Iraq plunged deeper into political crisis late on Monday, as embattled Prime Minister Nouri al-Maliki refused to step aside to allow his successor, Haida al-Abadi, to form a new government.
On Monday, the current prime minister was told by Iraqi President Fouad Masoum that he was to be replaced by al-Abadi, but in a TV address on Monday night Maliki defied pressure from Shiite political figures and the US government and refused to relinquish his post.
Maliki described Abadi's nomination as "legally worthless" and demanded he was allowed to serve a third term, after his party won the majority of votes in the April elections.
"You, the Iraqi people, and the security forces are in a holy battle," Maliki said during his state TV address on Monday night. "Don't panic. We will fix the mistakes."
"We are the largest bloc in the parliament and have the right to form the government," continued the soon-to-be former prime minister.
On Monday, US Secretary of State John Kerry insisted his government was fully behind President Masoum's decision to appoint Abadi and urged Maliki to accept it was time for him to step aside, as Iraq seeks to solve the political impasse that's crippled the country for the last three months.
"We are prepared to consider additional political, economic and security options as Iraq starts to build a new government," Kerry said in a speech in Sydney on Monday.
The political stalemate that has gripped Iraq since April has helped the militant Sunni fighters of the Islamic State (IS) seize parts of the country and Washington fears that were the current situation to protract, it could lead to further instability.
"Maliki has consolidated control over the security apparatus by establishing extra-constitutional security bodies and creating a direct chain of command from commanders to his office," Meda Al Rowas, senior Middle East analyst at IHS Country Risk, said in a note on Tuesday.
"This increases the risk of Maliki's rivals, who have access to their own militias, using force to attempt to remove Maliki, raising the risk of Shia-Shia infighting within the capital, and subsequently civil war risks affecting southern provinces."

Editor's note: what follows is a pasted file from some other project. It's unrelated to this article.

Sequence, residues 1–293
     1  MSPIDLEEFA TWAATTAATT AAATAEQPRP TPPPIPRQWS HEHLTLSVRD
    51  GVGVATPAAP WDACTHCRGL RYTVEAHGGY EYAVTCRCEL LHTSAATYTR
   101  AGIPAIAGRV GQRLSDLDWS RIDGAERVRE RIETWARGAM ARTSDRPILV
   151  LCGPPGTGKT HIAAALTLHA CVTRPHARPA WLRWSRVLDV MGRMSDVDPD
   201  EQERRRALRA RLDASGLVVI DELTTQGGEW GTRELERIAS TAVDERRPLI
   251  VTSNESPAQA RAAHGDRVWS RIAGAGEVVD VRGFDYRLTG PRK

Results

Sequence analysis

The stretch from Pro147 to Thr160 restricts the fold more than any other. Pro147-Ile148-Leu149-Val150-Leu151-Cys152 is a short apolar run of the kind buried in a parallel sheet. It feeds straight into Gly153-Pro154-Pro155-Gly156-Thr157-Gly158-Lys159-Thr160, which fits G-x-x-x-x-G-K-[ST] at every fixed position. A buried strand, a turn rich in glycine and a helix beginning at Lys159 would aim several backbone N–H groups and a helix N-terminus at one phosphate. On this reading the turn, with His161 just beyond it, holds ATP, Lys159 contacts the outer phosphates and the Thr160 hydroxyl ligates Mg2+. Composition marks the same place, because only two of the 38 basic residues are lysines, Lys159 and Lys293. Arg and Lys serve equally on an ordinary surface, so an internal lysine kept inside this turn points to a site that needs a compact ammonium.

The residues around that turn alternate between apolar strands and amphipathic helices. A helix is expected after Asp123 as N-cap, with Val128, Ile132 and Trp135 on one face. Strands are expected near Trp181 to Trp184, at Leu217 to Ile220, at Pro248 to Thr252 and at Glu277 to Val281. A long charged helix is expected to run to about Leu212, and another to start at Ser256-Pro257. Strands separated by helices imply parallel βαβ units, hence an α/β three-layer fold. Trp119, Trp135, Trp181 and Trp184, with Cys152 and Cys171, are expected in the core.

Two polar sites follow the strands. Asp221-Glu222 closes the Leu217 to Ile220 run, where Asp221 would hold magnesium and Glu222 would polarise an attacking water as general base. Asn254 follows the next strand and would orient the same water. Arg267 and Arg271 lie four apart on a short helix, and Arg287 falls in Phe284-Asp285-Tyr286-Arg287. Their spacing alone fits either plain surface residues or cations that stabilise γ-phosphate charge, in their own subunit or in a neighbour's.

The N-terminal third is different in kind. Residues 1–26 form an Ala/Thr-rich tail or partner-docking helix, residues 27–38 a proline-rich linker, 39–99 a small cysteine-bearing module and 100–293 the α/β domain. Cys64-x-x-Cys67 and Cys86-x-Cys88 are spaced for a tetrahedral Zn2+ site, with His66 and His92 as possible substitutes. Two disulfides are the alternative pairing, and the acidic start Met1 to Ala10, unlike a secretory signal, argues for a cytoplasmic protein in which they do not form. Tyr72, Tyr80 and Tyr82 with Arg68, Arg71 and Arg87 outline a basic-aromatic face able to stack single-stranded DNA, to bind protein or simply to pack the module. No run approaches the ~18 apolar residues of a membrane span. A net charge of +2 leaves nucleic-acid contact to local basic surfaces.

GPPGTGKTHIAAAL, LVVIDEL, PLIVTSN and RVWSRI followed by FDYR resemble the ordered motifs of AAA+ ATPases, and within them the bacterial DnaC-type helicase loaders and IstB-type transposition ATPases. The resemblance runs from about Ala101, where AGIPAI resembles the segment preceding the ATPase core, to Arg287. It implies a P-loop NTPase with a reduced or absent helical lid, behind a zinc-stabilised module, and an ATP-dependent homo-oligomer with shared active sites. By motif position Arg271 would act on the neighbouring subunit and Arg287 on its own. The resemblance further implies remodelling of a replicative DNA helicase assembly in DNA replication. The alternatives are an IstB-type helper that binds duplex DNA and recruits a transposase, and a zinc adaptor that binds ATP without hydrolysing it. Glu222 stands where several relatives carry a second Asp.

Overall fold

President Barack Obama renewed calls for Iraqi leaders to work diplomatically to ease the political tensions that have plunged the country into crisis.
"I urge all Iraqi political leaders to work peacefully through the political process in the days ahead," Obama said on Monday.
The US airstrikes in Northern Iraq managed to momentarily halt IS militants' advance, as Kurdish forces regained control of towns in the north of the country, but US Lieutenant General William Mayville warned the airstrikes were only having a "temporary effect".
"We've had a very temporary effect, and we may have blunted some tactical decisions by Islamic State militants to move farther east toward Erbil, the Kurdish regional capital," Mayville said.
The Pentagon said there are currently no plans to expand air operations beyond the mission of protecting civilians and US personnel and Obama insisted the only solution for Iraq was to form a broader government to ease ethnic divisions.
"As I said when I authorized these operations, there is no American military solution to the larger crisis in Iraq," the US president said. "The only lasting solution is for Iraqis to come together and form an inclusive government."
News that US airstrikes had halted IS militants' progress was well received by the markets, with the dollar
looking increasingly strong and gaining ground against the euro.